janvier 22, 2022

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Meta targets ‘internet mercenaries’ using Facebook to spy TheJournal.ie

Meta, a Facebook parent, banned a series of « online mercenary » groups, and began alerting about 50,000 people likely to be targeted by companies accused of spying on activists, dissidents and journalists around the world.

Meta has shut down 1,500 Facebook and Instagram pages linked to groups with services that allegedly range from collecting public information online to using fake personas to build trust with targets or digital intrusion via hack attacks.

The social media giant has also begun warning about 50,000 people it believes may have been targeted in more than 100 countries by companies that include many in Israel, a major player in the electronic surveillance industry.

« The watch-for-hire industry … looks like indiscriminate targeting on behalf of who pays the most, » Nathaniel Glaisher, Meta’s head of security policy, said at a press conference.

The Facebook parent said it had deleted accounts linked to Cobwebs Technologies, Cognyte, Black Cube and Bluehawk CI — all of which were based or incorporated in Israel.

India-based BellTroX, North Macedonian Cytrox and an anonymous entity in China have also seen accounts linked to them removed from Meta platforms.

« These cyber-mercenaries often claim that their services are aimed only at criminals and terrorists, » Meta’s statement said. « We banned them from our services. »

« The targeting is in fact indiscriminate and includes journalists, dissidents, critics of authoritarian regimes, families of opposition members, and human rights activists, » she added.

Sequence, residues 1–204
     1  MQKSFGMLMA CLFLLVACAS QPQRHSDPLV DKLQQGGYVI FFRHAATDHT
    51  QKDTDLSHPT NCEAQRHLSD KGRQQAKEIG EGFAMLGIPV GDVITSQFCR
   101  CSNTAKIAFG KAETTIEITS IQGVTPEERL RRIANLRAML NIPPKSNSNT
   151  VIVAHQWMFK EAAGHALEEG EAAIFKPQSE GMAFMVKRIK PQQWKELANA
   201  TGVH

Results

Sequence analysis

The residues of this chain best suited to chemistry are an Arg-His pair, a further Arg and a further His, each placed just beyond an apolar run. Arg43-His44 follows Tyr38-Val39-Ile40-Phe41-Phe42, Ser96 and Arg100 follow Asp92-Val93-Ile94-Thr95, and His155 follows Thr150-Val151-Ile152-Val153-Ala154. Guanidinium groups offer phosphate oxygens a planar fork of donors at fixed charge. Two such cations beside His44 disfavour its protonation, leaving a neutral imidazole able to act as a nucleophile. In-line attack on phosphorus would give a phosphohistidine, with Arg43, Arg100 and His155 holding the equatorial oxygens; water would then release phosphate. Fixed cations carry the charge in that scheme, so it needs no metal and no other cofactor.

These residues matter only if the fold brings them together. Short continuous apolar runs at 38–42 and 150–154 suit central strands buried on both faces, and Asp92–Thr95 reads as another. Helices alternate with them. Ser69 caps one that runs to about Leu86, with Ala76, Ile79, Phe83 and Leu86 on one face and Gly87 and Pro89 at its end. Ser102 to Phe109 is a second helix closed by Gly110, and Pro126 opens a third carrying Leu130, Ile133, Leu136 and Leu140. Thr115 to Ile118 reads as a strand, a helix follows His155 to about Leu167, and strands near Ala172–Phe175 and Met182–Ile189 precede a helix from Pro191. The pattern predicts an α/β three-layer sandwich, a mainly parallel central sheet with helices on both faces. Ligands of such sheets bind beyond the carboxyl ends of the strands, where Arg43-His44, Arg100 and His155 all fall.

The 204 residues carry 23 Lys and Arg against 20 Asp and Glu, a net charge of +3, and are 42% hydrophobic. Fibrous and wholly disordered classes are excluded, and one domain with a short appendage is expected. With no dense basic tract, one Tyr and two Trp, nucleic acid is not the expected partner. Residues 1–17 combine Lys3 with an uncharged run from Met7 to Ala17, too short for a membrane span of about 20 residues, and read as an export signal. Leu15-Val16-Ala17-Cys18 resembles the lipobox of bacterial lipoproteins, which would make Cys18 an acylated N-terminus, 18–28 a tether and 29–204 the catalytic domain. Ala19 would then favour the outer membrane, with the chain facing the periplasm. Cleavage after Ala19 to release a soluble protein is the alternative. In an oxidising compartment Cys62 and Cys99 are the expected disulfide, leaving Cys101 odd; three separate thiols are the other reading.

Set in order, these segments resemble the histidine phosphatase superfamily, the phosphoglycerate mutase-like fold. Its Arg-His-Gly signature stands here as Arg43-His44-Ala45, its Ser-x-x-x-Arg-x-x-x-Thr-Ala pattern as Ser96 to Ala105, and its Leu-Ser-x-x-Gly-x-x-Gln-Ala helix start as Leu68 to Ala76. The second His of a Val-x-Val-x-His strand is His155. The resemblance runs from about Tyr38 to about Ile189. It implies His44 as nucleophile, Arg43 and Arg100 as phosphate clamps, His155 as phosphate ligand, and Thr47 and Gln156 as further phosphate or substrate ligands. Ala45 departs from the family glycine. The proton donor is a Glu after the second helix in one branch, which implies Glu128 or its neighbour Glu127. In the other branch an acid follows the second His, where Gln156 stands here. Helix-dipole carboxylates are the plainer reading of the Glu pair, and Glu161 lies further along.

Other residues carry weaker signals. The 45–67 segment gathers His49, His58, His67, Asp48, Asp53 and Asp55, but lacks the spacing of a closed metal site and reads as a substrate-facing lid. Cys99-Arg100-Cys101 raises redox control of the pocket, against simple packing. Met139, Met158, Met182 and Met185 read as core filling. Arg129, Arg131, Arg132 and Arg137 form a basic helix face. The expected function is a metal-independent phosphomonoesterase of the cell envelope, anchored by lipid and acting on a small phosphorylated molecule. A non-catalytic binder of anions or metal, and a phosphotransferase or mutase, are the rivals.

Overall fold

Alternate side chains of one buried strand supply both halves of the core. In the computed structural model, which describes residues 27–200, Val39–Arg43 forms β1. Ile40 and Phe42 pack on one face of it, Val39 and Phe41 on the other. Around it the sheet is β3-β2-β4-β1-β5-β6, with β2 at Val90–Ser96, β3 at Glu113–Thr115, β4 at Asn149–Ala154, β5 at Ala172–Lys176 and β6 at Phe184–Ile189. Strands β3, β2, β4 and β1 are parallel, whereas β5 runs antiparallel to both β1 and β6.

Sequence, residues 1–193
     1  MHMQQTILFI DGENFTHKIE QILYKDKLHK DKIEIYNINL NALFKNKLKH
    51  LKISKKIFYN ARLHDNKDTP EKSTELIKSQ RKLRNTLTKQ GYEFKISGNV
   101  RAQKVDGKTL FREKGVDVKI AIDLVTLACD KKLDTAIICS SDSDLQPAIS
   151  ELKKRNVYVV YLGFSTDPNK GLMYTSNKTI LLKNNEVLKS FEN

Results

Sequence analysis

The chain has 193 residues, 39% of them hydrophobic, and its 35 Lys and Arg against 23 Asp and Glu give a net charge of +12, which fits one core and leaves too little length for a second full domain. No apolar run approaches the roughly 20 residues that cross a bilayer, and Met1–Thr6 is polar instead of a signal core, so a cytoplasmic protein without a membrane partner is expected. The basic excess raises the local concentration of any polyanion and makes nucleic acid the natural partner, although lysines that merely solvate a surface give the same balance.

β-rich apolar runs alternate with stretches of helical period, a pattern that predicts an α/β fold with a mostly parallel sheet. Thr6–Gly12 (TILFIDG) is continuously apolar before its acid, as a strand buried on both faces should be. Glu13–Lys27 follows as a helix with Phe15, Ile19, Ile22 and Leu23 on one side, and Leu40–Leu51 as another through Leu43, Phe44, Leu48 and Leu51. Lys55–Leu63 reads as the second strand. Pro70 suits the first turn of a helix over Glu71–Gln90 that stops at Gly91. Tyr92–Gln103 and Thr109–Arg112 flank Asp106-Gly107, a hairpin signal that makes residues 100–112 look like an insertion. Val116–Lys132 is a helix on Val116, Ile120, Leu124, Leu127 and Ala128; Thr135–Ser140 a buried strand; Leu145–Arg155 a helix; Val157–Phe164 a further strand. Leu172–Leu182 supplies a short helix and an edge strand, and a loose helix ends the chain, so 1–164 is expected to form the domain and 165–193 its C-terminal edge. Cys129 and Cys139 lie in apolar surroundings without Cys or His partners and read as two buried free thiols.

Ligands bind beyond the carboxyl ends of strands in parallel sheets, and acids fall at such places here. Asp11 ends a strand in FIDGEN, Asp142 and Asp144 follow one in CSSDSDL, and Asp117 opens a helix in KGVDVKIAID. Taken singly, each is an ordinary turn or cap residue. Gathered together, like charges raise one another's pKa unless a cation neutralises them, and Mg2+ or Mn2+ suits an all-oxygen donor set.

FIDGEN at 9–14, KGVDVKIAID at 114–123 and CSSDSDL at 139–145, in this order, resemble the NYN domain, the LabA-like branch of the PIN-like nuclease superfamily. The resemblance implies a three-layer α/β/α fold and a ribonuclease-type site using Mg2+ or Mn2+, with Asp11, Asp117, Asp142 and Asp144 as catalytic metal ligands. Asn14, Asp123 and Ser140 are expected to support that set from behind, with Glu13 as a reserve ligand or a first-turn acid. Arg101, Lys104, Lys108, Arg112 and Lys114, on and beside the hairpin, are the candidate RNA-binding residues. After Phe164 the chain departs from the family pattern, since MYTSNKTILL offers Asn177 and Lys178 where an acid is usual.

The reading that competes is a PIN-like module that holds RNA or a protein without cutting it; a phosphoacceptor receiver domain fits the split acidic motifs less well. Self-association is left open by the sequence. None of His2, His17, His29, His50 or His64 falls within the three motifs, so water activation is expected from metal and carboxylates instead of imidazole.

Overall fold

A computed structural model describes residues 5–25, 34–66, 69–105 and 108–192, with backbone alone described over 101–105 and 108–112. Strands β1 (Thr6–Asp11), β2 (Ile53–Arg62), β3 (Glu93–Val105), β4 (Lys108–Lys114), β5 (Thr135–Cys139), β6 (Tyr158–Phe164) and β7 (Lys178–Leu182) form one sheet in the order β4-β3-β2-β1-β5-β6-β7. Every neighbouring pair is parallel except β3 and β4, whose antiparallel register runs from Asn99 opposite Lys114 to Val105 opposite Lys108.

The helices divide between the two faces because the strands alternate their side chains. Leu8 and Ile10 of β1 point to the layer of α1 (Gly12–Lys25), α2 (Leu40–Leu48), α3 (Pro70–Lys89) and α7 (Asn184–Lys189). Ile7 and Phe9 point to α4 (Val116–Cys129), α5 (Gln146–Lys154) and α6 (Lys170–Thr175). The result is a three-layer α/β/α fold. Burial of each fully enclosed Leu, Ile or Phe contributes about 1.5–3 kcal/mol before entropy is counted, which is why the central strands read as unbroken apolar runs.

In a statement to AFP, Black Cube denied any wrongdoing or even working in the « internet world ».

« Black Cube works with the world’s leading law firms to prove bribery, expose corruption, and recover hundreds of millions of stolen assets, » she said, adding that the firm ensures it complies with local laws.

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Chinese operation without a name

Companies selling Web Intelligence Services begin the monitoring process by gathering information from publicly available online sources such as news reports and Wikipedia.

Meta investigators said internet mercenaries then create fake social media accounts to collect information from people’s profiles and even join groups or chats to learn more.

Another tactic is to gain the target’s trust in a social network and then trick the person into clicking on a link or a booby-trapped file to install software that can then steal information from whatever device they use to connect to the Internet.

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With this type of access, a mercenary can steal data from a target’s phone or computer, as well as activate microphones and cameras and silently track geolocation, according to the Meta team.

The Meta report said that Bluehawk, one of the companies targeted, sells a wide range of monitoring activities, including managing fake accounts to install malicious code.

Meta reported that some fake accounts linked to Bluehawk spread as journalists from media outlets such as Fox News in the US and La Stampa in Italy.

While Meta was unable to determine who was running the unnamed Chinese operation, it did trace the « command and control » of a monitoring tool embedded in servers that Chinese law enforcement officials appear to be using.

“In some cases, we found the malware framework for this group deployed alongside facial recognition software developed by a Beijing-based company,” the Meta report said.

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